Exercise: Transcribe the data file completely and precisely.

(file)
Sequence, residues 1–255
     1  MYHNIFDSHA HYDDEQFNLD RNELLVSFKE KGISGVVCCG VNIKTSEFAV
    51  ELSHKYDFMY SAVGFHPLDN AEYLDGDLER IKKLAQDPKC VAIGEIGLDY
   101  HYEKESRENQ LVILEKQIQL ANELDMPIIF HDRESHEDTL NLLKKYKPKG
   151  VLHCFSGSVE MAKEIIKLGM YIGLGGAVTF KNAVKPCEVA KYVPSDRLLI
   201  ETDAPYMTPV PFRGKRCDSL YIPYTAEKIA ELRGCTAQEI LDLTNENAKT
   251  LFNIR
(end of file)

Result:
Sequence, residues 1–255
     1  MYHNIFDSHA HYDDEQFNLD RNELLVSFKE KGISGVVCCG VNIKTSEFAV
    51  ELSHKYDFMY SAVGFHPLDN AEYLDGDLER IKKLAQDPKC VAIGEIGLDY
   101  HYEKESRENQ LVILEKQIQL ANELDMPIIF HDRESHEDTL NLLKKYKPKG
   151  VLHCFSGSVE MAKEIIKLGM YIGLGGAVTF KNAVKPCEVA KYVPSDRLLI
   201  ETDAPYMTPV PFRGKRCDSL YIPYTAEKIA ELRGCTAQEI LDLTNENAKT
   251  LFNIR